International Example – What is the Importance of Law?

Traditionally, two types of law have been distinguished. On the one hand, there is the national or national law, which deals with the legal relations within the boundaries of a single state and with the organization of that state itself. On the other hand, there is international law (sometimes called “public international law“), which deals with the legal relations between states.

International Law
International Law

This traditional account is basically a description of the “Westphalian pair” that was debated in the sect. 1.5

There may be clear differences between national and international law in the past, but the pressure is mounting. For example, it is a mistake to assume that states are free to adopt the laws of their choice. A large part of domestic law and regulations in European countries currently begins in Brussels.

International law examples

But in return, most EU law comes from Geneva, New York, or Nairobi. Whether it’s a worldwide trade and investment law, Security Council sanctions, or greenhouse gas emissions standards, legal standards are increasingly being developed at meetings of worldwide organizations or at ad hoc worldwide conferences around the world, rather than in national capitals. Are done.

An example of the interaction of laws and measures by institutions at different levels can be found in the so-called Caddy case. The case provides an example of the interaction between the UN Charter (under which Mr. Kady was financed).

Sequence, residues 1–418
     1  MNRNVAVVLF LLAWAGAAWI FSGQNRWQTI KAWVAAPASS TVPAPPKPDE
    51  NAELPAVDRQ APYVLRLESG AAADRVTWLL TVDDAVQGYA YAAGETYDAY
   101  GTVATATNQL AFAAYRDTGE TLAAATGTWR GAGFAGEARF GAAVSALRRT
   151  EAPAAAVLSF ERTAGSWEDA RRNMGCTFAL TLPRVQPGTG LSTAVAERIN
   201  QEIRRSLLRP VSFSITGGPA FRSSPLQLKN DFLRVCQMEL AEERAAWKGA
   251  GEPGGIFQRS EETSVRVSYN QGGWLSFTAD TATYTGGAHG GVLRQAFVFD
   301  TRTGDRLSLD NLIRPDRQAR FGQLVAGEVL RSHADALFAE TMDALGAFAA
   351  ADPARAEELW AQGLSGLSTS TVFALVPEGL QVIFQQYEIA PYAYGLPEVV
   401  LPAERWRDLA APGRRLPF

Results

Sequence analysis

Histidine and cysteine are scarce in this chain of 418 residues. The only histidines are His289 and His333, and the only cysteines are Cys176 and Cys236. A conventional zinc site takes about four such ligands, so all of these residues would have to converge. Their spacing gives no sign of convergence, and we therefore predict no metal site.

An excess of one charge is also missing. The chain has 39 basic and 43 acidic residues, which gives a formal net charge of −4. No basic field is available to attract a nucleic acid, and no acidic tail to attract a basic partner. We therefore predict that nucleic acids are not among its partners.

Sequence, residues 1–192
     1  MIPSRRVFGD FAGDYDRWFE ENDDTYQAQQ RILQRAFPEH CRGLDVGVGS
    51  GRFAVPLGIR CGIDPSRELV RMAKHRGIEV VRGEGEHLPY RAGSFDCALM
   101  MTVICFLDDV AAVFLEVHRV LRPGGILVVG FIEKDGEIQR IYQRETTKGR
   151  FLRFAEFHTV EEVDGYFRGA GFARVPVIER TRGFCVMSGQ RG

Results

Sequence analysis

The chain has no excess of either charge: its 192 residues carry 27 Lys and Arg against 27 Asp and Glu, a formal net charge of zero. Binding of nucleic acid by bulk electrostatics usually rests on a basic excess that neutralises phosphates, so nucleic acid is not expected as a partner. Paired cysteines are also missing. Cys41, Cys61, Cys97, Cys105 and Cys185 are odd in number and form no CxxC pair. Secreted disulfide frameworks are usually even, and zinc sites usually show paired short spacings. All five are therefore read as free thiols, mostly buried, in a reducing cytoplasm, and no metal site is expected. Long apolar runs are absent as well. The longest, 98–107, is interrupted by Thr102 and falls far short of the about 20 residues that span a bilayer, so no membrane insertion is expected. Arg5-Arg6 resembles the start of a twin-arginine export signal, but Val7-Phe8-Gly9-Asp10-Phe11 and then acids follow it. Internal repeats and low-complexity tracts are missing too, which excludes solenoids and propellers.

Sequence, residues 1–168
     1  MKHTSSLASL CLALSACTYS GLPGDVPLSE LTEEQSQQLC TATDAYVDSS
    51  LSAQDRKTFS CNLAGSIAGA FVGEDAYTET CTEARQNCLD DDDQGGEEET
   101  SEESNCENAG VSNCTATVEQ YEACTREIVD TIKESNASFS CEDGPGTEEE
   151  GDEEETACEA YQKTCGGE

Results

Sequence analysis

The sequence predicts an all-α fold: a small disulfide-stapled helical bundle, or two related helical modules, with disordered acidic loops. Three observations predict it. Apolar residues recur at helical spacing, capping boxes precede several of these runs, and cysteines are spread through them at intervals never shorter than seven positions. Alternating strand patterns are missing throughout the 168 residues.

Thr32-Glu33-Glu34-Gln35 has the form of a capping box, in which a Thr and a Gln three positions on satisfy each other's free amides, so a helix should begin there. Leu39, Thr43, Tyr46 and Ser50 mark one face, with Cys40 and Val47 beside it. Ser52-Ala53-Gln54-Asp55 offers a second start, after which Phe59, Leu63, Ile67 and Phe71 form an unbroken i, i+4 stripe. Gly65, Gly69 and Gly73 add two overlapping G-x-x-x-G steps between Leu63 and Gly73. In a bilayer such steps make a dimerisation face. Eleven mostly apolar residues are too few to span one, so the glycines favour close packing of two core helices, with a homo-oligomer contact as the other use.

Domestic law (under which sanctions were imposed), EU law (under which sanctions were first changed and then repealed), and the European Convention on Human Rights (ECHR) law, which is the basis It was decided that Mr. Kady’s human rights had been violated.

The Kadi case

In 2001, the UN Security Council decided to freeze the assets of Saudi businessman Yassin Abdullah Qadi on suspicion of financing terrorist activities. The Security Council requested that in addition to the worldwide Atomic Energy Agency’s ongoing inspections in Iran, it monitor Iran’s compliance with “the steps required by the IAEA Board“.

Based on the information provided by the intelligence services, the suspects are identified behind closed doors and there is no trial. Those on the sanctions list are not informed of the measures taken against them. They only know one day that they can no longer withdraw money from their bank accounts. Decisions are binding on UN member states, meaning states need to implement sanctions immediately.

Article 103 of the UN Charter provides that the obligations under the Charter outweigh the obligations of any other state treaty. Within the European Union, Security Council sanctions become part of the EU’s rules and regulations and are therefore binding on EU member states under EU law.

In various court cases, Mr. Kady sought to challenge the sanctions imposed on him. Initially, it was useless, but in 2008 the European Court of Justice (then known as the European Court of Justice) annulled the EU regulation on the grounds that sanctions against it It was alleged that he had not been notified. The evidence against him and therefore the evidence was not able to be challenged.

Under the law of the European Convention on Human Rights – incorporated into the law of the European Union – any person charged with a criminal offense has the right to be informed and to defend himself.